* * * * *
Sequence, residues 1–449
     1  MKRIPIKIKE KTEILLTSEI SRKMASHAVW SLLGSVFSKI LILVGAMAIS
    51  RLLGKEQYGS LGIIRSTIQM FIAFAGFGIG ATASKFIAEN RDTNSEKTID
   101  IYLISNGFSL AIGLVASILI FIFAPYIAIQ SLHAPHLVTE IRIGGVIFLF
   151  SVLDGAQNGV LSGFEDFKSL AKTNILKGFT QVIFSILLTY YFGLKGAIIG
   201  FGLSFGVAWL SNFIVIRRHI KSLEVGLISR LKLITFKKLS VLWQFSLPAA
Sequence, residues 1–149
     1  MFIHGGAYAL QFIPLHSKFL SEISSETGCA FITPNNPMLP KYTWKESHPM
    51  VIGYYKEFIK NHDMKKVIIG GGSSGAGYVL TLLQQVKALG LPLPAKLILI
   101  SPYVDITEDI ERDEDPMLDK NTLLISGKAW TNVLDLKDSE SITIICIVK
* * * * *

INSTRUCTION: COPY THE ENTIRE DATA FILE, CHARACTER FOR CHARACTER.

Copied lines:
Sequence, residues 1–449
     1  MKRIPIKIKE KTEILLTSEI SRKMASHAVW SLLGSVFSKI LILVGAMAIS
    51  RLLGKEQYGS LGIIRSTIQM FIAFAGFGIG ATASKFIAEN RDTNSEKTID
   101  IYLISNGFSL AIGLVASILI FIFAPYIAIQ SLHAPHLVTE IRIGGVIFLF
   151  SVLDGAQNGV LSGFEDFKSL AKTNILKGFT QVIFSILLTY YFGLKGAIIG
   201  FGLSFGVAWL SNFIVIRRHI KSLEVGLISR LKLITFKKLS VLWQFSLPAA
Sequence, residues 1–149
     1  MFIHGGAYAL QFIPLHSKFL SEISSETGCA FITPNNPMLP KYTWKESHPM
    51  VIGYYKEFIK NHDMKKVIIG GGSSGAGYVL TLLQQVKALG LPLPAKLILI
   101  SPYVDITEDI ERDEDPMLDK NTLLISGKAW TNVLDLKDSE SITIICIVK